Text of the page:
Camille Walala’s vision of a carless and colorful Oxford Street is a project that other cities would be wise to follow

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Barren and bare of pedestrians or any visible signs that London is a metropolis pulsating to the beat of millions of people, the sheer silence of the streets during the first lockdown shocked artist Camille Walala. Cycling around the city with her partner Julia Jomaa, almost void of vehicles, they began to reimagine the capital in a futuristic setting that replaced pollution with plants, and tailgating traffic with fountains. …


Gulab Singh Johrimal and its shadows of the past

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Nestled in one of the busiest markets in old Delhi, in the Chandni Chowk area, a lively hub where bedazzled saris and elaborate lehenga cholis adorn the window displays of hundreds of boutiques, you’ll find the Dariba Kalan bazaar.

In the late 17th-century, as the Mughal Emperor Shah Jahan was designing the Taj Mahal, he commissioned his daughter Jahanara to develop a marketplace where the best products and foodstuffs from their reign could be showcased. …


Conquering mountains has come full circle — it is not only the foundation of all other types of climbing but the ultimate goal for many athletes

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Humans have certainly been climbing mountains since first starting to walk upright several million years ago. While the earliest ascents came out of necessity, for hunting food or moving nomadically through whatever terrain presented itself, the reason for modern mountaineering is best summed up in three words: “Because it’s there.” …


What compels an individual to voyage through one of the coldest climates on Earth?

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Connected by a beautiful ring of light, traversing the fields of ice that form the majestic wilderness of Greenland is an experience like no other. Hard to reach, with an almost prehistoric terrain, and a climate that feels imagined for a novel-there is something both daring and challenging about the world’s largest island. But it poses a uniqueness, something strangely difficult to find in a world of global travel and instant messaging.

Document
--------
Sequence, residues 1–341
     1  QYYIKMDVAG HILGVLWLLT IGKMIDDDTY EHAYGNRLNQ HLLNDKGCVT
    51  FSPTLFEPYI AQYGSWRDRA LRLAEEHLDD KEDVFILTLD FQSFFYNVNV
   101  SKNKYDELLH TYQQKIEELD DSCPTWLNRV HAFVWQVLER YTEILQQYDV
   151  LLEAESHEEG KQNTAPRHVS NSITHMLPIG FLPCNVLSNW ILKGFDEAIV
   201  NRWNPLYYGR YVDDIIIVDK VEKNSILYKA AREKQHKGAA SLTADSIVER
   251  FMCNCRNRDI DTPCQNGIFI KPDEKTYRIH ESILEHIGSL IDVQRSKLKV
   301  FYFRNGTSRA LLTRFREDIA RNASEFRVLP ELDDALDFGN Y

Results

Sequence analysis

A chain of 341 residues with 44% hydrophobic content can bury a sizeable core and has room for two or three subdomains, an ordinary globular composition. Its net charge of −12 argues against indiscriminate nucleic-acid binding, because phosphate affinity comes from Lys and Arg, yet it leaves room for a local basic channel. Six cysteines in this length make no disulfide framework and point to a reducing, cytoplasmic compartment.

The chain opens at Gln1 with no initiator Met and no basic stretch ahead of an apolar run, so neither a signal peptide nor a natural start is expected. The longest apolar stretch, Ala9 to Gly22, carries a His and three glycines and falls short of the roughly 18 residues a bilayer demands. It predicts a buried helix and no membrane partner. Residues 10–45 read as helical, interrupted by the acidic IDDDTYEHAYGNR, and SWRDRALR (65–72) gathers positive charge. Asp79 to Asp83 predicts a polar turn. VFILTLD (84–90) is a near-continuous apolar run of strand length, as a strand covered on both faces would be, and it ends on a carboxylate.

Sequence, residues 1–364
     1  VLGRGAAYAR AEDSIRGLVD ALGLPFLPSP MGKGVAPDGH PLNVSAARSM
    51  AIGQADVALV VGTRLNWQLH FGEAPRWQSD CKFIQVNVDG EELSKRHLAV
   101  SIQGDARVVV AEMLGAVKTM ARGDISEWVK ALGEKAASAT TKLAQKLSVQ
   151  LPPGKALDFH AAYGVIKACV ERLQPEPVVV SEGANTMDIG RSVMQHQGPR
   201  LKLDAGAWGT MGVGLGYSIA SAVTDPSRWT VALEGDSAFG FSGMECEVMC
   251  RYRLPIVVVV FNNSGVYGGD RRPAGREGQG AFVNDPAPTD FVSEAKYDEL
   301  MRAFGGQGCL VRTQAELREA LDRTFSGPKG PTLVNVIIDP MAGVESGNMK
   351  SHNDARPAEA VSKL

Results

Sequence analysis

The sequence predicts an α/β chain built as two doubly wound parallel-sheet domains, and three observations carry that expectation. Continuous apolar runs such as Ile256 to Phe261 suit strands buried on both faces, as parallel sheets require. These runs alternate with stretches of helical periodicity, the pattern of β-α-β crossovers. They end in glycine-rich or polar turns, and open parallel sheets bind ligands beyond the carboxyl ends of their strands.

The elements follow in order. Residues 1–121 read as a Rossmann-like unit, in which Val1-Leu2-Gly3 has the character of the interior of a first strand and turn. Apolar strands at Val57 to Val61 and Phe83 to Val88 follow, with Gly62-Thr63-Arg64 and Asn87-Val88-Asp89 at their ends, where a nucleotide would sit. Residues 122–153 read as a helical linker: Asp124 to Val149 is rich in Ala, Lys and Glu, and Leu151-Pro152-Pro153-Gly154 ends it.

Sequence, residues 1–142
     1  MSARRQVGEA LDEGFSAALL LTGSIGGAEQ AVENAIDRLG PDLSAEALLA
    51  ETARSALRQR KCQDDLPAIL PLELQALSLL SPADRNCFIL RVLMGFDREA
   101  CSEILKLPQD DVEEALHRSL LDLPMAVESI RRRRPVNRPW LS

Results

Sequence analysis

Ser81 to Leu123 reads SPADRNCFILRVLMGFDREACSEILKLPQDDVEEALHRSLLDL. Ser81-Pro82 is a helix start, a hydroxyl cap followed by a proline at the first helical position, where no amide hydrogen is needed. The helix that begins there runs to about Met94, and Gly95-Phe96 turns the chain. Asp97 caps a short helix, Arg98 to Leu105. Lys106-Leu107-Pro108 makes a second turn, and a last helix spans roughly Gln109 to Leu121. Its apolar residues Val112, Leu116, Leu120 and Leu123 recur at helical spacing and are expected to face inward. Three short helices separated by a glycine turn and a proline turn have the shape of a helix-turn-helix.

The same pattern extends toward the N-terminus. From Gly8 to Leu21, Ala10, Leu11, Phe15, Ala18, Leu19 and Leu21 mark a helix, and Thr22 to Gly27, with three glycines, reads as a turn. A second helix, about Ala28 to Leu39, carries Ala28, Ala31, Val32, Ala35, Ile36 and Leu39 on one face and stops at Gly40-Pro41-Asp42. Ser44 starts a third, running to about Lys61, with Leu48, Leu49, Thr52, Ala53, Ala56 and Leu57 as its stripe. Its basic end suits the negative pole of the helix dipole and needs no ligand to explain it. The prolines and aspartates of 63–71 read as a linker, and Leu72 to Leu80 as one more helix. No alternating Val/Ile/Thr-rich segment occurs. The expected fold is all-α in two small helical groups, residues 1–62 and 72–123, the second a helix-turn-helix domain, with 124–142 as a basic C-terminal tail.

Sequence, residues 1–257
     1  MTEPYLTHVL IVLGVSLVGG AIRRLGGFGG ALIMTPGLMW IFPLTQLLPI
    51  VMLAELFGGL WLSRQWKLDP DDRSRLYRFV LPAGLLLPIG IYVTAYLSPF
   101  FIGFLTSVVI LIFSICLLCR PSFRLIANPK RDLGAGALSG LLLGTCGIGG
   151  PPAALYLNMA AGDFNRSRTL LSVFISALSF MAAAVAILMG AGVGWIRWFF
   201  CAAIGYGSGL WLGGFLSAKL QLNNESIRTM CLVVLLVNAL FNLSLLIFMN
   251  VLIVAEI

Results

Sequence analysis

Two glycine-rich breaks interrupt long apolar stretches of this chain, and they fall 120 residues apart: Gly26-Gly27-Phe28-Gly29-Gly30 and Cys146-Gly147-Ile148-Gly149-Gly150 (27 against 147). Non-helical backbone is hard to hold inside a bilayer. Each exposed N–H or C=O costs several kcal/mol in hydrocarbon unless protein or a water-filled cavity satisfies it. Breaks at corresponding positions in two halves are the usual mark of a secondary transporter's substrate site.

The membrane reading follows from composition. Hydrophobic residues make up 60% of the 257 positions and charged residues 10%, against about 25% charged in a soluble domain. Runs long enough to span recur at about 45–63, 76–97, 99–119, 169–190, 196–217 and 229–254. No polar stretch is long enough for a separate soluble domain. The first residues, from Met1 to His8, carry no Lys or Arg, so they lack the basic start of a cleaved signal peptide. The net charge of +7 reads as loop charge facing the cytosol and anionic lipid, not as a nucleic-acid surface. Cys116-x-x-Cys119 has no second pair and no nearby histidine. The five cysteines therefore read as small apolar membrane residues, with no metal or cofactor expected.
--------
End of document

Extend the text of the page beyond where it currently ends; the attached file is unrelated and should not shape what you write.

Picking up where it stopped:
During the dim wintry months, these vast plains are stacked with three to five meters of snow. Not many people travel to these immense ice masses in January, even fewer to cycle across. But that is what Tobias Woggon and Philip Ruopp settled upon for their next adventure. In Nordic Cycle, Woggon explains that not many people who took their tour had experienced biking at minus 30 degrees. “I consulted our friend Max,” he explains, “who had been riding his bike in Lapland, Finland the year before and was already experienced with the necessary technology and knew how to handle the cold.” …


To coincide with Ricardo Bofill’s birthday, Apartamento magazine’s creative director Nacho Alegre reflects on the legacy of a fellow Catalan

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For most of my life, I regarded Ricardo Bofill through an aura of mystery, almost irreality. His public persona, as I saw it in my teenage years, danced between that of a hermit-artist and celebrity. The public and critical opinion of him likewise split between respect and loathing, awe and dismissal. …


An assemblage of Americana

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Ripped, transformed, and then injected with a healthy dose of nostalgia, Anthony Zinonos’ collages are playful commentaries on the way we choose to go about our lives. Through fantastical settings and graphic souvenirs of Americana consumer culture, his witty depictions pack a powerful message about societal evolution.

Zinonos is a man of the world. Born in Johannesburg, South Africa, he spent his teenage years in Cyprus before moving to the edges of eastern England. He studied at the Norwich School of Art and Design and spent a year in Athens studying photography. As a child, all he did was draw and draw, but this medium frustrated him as a teenager. He wanted to make his works more realistic but didn’t have the “skills or patience to learn,” he tells us. “My dad showed me how to use a camera, then process and develop the film, which I took to like a duck to water.” He went on to major in Fine Art specializing in Print and Photomedia. All the while continuing to experiment with collage, something he later returned to after working in photography, screen printing, film, and animation. …